Rijeka, Croatia

The links above provide you a way back to main part of the dictionary. Pages Preluk and Rijeka are only the add to my site, to give you some information about me, and some interesting facts about my home town and an old racing track only few kilometers from Rijeka. Rijeka has a great history organizing races almost a century ago.

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Ambigram Rijeka

Udruga 051 Rijeka

RiRock, glazbeni internetski magazin

Fiume Rijeka قهتثنش  Մըտսհա हऎचउछऔ კშრუოფ Ριξεκα רןחקלש すにまいのち すにまいのち꺄ᅥ담 Рийекa  ஈகராகோ  रिजेक ฑร่ำาฟ
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Rijeka, my hometown

My English speaking friends can visit following the sites written on English to find more about Rijeka. Included are some sites to get you general knowledge, history of the Rijeka, maps, and the official Rijeka home page written on English.


Rijeka on Google Maps

Rijeka Tourist board

British Croatian Friends

Wikipedija on Rijeka, and on Football club "Rijeka"

City of Rijeka Daily news

Rijeka travel guide – wikitravel

Google maps

Interactive map of Rijeka

Accommodation in Rijeka

Rijeka - Sunrise, sunset, dawn and dusk times, table for whole year

Rijeka Carnival

Old pictures of Rijeka



Port of Rijeka, authority

About racing history in my town and surroundings

They are all informative, and you can find all interesting data about my hometown there.


Location of Rijeka within Croatia

Total rainfall: 1530 mm p/y, with about 128 rainy days

Average humidity throughout the year: 58%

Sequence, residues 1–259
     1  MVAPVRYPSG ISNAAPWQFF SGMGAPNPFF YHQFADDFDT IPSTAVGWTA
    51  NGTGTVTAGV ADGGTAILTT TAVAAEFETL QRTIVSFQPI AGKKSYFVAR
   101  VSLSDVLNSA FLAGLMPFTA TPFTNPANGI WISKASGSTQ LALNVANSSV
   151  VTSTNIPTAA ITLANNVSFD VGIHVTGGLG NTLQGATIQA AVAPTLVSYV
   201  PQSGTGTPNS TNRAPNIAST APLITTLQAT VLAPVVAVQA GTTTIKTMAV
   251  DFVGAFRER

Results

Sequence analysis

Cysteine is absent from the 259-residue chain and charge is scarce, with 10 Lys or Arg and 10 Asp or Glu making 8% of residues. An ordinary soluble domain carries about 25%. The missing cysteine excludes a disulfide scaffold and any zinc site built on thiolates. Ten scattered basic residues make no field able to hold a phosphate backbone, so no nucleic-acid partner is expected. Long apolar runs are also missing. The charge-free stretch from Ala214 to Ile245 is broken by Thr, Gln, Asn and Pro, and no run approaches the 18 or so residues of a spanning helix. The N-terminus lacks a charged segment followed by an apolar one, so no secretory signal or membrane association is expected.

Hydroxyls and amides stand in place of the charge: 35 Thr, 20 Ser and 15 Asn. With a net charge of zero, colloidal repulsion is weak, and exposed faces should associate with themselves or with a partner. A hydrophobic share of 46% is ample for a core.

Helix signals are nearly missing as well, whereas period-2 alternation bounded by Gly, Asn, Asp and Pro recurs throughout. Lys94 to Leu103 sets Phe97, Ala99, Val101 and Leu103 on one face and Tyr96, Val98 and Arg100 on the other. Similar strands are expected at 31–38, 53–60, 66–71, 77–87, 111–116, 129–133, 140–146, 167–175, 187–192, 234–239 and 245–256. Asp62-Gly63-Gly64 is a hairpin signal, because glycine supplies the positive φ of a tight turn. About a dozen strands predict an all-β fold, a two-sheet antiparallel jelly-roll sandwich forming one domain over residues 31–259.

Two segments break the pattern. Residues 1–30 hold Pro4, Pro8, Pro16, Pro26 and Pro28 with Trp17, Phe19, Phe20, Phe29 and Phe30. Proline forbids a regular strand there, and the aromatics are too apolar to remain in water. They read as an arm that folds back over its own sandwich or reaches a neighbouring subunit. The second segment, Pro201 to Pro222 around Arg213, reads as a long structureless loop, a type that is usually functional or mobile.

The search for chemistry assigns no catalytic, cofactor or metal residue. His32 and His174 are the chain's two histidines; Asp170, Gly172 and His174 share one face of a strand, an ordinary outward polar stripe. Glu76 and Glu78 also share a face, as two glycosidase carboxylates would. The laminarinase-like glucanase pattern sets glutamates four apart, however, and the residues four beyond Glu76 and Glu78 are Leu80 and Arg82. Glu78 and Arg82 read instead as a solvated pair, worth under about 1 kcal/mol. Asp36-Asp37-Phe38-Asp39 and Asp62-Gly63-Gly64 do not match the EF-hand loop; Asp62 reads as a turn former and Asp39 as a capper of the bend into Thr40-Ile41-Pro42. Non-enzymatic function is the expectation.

Average annual temperature: 14,1° C

Coordinates: Lat:N45°20'35" Long: 14°24'33"

Decimal Coordinates: 45.3431 - 14.4092
Geonames ID: 3191648




 Primorje-Gorski Kotar County

Government (through history)

 - Mayor

Vojko Obersnel


 - Town

44 km² (17 sq ml)

- Metro

300 km2 (116 sq ml)


70 m (average)

Population (2011)

 - Town

141,172 (GeoNames geographical database)

 - Metro


Time zone


 - Summer (DST)


Postal code


Croatia Area code


Area code


Postal city code 

51 000 

Free Wireless Internet Access

The free wireless Internet signal covers the downtown area with Korzo street (see picture). The signal strength in that zone of coverage is up to 50 dB, which, together with the size of the zone coverage, makes this network the highest quality Wi-Fi zone in Croatia. The access to the Internet is enabled through the IT infrastructure of the City of Rijeka.

Website: rijeka.hr



Rijeka is twinned with:
  • Germany Rostock, Germany, from 7. November 1974.
  • Japan Kawasaki, Japan, from 23. June 1977.
  • Italy Faenza, Italy, from 21. October 1983.
  • Germany Neuss, Germany, from 1990.
  • Hungary Csepel, Hungary, from 8. March 2002.
  • China Qingdao, China, from 11. July 1999.
  • United States Pittsburgh, United States, from 2000.
  • Slovenia Ljubljana, Slovenia, from 4. March 2000.
  • Italy Este, Italy, from 21. November 2004.
  • Italy Genoa, Italy, from 7. February 2005.
  • China Dalian, China, from 26. April 2006.
  • Flag of Bulgaria Burgas, Bulgaria, from 29. October 2008.
  • Republic of Macedonia Bitola, Rof Macedonia, from 4. November 2011.
  • Montenegro Cetinje, Montenegro, from 10. September 2010.
  • Italy Rome, Italy, from 18. June 2010.
  • Flag of Serbia Novi Sad, Srbija, from 2. February 2011.
  • China Ningbo, China, from 7. June 2011.
  • Italy Trieste, Italija, from 20. September 2011.
  • Germany Karlsruhe, Germany, from 15. June 2011.


Panorama Rijeke